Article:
* Special Event *

 Panel Discussion on The Force of Law Frederick SchauerUniversity of Virginia School of Law 

Thurs 7 November 2013 
5.00 pm start (preceded by tea and coffee outside the Law Cube from 4:45pm)

Law Cube, St Cross Building 



John GardnerGrant Lamond 

“That the law can force people to do things they do not want to do, and which are sometimes against their own interests or their own best (and not necessarily self-interested) judgment, might seem far too obvious to justify thinking or writing much about it. But here, as elsewhere, things are often not what they seem. For more than half a century, legal philosophers, drawing their inspiration from H.L.A. Hart, have questioned whether force, coercion, and sanctions are as important to understanding the nature of law as the ordinary person – the man on the Clapham omnibus, as the English quaintly put it – believes. […] …although the present examination of the role of coercion in explaining the character and distinctiveness of law will at times be philosophical or conceptual in style and method, it will, unashamedly, often break out of those boundaries defined by the discipline of philosophy, or accepted, rather more narrowly, by many contemporary practitioners of the philosophy of law. Some of what follows will be sociological, in the broadest sense, and more than some will draw on experimental psychological research. Some will make use of empirical and analytical conclusions from economics and political science. And none of what is to come will be a theory of law, or for that matter a theory of anything else. […] This book is thus an exploration of various aspects of law’s coercive dimension, pursued largely philosophically and analytically, but with some empirical assistance. It is an account and not a theory. It is certainly not a system. But perhaps a mere account can have some value.”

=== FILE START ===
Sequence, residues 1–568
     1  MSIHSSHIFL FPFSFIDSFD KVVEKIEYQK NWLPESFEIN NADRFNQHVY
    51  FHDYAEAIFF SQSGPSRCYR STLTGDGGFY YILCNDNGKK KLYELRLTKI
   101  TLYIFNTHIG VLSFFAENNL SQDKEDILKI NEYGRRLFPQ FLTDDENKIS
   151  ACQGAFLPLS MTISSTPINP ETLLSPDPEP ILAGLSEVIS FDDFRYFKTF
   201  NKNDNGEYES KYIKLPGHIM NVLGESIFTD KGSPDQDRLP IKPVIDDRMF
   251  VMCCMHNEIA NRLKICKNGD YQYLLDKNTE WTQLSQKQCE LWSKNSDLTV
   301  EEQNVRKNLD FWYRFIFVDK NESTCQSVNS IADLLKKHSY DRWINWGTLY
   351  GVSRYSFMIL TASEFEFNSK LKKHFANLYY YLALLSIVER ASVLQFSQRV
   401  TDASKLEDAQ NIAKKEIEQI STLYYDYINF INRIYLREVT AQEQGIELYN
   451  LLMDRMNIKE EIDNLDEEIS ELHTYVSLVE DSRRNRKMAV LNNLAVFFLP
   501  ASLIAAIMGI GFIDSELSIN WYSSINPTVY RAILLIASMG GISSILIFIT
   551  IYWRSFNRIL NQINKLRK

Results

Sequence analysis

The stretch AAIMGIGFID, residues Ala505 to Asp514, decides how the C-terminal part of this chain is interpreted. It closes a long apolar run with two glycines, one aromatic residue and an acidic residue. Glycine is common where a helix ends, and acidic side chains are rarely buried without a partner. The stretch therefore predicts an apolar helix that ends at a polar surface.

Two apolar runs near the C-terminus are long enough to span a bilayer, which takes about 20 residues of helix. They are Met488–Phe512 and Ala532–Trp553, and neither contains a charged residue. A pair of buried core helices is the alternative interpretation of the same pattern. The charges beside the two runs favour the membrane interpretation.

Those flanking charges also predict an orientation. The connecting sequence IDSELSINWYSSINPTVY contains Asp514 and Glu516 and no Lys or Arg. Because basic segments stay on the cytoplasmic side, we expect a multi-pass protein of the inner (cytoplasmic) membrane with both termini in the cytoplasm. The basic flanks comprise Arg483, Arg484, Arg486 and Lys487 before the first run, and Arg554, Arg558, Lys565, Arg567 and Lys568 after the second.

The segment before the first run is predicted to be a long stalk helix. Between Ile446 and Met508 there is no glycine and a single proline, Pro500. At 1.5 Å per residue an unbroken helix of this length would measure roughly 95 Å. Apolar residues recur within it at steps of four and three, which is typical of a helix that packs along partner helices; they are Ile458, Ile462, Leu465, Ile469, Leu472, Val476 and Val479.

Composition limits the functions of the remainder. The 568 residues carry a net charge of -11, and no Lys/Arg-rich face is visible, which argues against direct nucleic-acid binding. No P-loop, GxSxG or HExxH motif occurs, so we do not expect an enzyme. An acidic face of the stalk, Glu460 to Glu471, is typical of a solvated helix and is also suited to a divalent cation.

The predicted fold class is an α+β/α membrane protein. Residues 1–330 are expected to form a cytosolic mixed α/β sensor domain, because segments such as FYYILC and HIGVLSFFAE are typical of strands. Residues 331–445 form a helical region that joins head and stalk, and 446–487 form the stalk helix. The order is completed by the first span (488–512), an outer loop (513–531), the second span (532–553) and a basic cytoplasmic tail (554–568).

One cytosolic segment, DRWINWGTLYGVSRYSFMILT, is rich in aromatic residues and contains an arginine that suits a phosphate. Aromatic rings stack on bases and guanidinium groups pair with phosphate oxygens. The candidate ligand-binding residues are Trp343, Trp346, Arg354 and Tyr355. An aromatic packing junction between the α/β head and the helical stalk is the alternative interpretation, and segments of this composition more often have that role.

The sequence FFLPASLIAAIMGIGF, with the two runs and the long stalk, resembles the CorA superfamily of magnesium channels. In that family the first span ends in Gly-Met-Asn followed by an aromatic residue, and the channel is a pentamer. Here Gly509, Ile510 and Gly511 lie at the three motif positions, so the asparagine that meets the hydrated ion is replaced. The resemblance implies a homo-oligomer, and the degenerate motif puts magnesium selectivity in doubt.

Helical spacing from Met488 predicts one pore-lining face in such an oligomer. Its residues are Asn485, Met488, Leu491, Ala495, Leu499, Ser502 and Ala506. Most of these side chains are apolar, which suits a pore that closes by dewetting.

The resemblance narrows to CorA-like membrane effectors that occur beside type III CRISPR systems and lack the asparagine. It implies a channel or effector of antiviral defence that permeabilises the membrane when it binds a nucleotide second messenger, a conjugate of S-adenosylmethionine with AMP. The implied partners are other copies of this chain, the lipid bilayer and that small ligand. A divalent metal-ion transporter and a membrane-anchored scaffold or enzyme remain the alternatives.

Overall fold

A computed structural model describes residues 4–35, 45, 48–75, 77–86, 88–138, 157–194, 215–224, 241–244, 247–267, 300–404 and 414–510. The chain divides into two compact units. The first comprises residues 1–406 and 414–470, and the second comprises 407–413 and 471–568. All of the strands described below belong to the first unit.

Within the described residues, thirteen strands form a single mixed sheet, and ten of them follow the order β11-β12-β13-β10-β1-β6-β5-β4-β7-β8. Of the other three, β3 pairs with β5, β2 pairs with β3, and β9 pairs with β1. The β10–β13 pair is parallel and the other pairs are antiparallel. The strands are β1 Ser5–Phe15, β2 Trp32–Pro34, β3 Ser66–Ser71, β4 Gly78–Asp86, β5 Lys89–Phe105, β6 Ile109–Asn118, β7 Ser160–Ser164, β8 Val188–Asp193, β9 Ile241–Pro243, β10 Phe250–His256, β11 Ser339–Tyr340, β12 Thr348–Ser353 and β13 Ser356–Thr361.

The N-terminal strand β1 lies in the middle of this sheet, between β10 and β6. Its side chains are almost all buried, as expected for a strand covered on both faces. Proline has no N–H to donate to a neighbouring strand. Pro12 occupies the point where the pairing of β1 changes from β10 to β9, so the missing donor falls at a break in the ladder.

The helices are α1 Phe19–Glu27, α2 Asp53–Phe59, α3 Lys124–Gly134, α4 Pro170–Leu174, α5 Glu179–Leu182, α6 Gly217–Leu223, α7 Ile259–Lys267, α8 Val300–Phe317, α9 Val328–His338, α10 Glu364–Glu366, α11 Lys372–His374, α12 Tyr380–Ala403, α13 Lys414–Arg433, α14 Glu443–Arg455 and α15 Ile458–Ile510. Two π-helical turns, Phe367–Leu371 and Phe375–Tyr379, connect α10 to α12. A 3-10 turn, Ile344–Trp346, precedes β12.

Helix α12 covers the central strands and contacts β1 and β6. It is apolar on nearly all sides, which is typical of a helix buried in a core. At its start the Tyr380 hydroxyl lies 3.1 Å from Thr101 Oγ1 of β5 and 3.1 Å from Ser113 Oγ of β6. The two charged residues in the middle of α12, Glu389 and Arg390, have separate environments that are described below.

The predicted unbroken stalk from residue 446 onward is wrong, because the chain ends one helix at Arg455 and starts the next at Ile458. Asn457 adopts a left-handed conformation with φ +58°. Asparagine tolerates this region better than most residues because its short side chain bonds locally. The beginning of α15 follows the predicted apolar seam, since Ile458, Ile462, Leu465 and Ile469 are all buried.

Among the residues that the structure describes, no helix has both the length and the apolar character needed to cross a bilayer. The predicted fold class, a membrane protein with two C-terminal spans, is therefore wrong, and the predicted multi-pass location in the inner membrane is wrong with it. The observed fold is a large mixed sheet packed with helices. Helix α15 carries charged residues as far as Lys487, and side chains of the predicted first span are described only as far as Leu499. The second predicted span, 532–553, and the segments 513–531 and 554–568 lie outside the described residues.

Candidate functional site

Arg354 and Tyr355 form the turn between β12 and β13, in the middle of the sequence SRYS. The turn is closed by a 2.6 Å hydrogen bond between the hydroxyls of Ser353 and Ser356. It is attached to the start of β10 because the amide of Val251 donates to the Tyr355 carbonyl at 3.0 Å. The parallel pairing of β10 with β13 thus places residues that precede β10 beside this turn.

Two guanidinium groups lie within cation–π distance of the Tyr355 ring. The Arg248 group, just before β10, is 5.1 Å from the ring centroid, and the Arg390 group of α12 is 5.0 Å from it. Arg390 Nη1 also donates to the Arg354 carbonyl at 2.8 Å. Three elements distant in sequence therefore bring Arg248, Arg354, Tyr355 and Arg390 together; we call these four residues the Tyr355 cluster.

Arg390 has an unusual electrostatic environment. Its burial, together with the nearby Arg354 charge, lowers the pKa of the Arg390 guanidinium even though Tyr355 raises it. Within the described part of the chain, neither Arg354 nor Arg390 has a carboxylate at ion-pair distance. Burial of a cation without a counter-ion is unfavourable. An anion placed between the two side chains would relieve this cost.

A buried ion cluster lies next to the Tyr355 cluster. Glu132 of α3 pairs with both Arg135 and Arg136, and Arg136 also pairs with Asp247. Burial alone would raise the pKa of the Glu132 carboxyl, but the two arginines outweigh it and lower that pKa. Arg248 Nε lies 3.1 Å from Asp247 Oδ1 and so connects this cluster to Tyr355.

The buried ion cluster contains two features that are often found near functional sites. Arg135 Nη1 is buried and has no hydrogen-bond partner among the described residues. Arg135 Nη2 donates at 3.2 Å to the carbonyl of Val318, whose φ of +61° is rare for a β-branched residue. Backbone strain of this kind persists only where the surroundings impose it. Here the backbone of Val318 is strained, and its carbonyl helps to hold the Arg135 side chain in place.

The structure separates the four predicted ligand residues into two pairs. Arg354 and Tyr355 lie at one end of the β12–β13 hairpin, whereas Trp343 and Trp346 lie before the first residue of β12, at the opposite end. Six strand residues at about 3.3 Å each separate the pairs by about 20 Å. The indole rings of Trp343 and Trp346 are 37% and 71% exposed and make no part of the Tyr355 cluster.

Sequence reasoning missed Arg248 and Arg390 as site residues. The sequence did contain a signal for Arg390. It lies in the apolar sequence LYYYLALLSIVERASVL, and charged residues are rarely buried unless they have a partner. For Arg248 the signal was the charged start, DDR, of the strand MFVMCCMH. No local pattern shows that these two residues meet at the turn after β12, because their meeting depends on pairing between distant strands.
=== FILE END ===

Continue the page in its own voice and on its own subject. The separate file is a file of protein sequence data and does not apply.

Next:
** The draft of the first five chapters of Professor Schauer's new book The Force of Law is also available on the JDG website: http://www.oxford-jdg.net/p/week-8_3.html This draft is only for the purposes of the JDG discussion, and is not for citation. Professor Schauer would like to concentrate on the methodological issues in 3.4 and 3.5, and the analysis in Chapter 4, with a bit on the empirical conclusions in Chapter 5.  **